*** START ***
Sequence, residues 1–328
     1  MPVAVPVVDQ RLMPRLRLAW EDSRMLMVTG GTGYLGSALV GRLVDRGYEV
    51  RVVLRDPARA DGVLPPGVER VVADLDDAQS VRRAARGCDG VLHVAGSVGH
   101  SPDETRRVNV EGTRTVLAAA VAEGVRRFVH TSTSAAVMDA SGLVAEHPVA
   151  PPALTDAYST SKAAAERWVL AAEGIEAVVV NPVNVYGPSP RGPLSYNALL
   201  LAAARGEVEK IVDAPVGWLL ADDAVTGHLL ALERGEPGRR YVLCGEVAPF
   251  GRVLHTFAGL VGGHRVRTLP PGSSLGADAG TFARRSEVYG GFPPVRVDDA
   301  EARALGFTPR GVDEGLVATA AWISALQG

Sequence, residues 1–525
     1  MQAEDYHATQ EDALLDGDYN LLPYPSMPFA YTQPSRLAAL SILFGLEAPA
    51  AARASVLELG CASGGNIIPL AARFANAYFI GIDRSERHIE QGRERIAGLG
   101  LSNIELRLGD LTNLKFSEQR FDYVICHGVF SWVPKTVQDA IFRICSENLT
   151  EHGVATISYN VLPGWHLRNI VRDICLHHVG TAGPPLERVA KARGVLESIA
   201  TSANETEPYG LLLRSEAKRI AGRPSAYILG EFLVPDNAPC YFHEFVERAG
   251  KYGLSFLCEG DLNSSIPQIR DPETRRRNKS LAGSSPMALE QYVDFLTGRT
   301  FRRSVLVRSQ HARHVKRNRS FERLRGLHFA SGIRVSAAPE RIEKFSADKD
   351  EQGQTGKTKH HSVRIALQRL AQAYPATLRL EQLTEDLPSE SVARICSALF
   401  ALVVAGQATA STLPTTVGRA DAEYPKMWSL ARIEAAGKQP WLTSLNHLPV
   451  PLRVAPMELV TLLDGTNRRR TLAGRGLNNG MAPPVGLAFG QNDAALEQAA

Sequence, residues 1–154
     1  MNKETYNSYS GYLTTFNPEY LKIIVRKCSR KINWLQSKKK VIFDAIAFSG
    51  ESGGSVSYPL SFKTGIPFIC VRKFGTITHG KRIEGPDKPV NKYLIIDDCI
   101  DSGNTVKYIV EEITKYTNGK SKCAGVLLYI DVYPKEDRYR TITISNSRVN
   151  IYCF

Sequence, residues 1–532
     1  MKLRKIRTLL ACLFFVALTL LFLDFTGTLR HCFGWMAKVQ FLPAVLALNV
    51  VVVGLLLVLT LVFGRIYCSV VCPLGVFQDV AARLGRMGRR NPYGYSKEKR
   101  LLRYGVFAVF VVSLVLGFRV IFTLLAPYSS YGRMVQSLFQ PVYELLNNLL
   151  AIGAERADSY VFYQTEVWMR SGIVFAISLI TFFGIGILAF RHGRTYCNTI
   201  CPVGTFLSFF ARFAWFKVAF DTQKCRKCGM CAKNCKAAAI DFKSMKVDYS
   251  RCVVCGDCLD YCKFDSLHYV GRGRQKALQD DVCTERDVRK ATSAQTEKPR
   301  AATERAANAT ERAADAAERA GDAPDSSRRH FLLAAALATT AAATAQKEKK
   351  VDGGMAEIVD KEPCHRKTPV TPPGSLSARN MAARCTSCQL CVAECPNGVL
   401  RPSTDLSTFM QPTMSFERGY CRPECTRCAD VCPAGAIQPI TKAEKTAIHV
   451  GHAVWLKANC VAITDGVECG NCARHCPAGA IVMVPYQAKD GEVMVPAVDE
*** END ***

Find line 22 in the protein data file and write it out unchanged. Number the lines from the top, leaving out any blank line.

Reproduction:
    51  ESGGSVSYPL SFKTGIPFIC VRKFGTITHG KRIEGPDKPV NKYLIIDDCI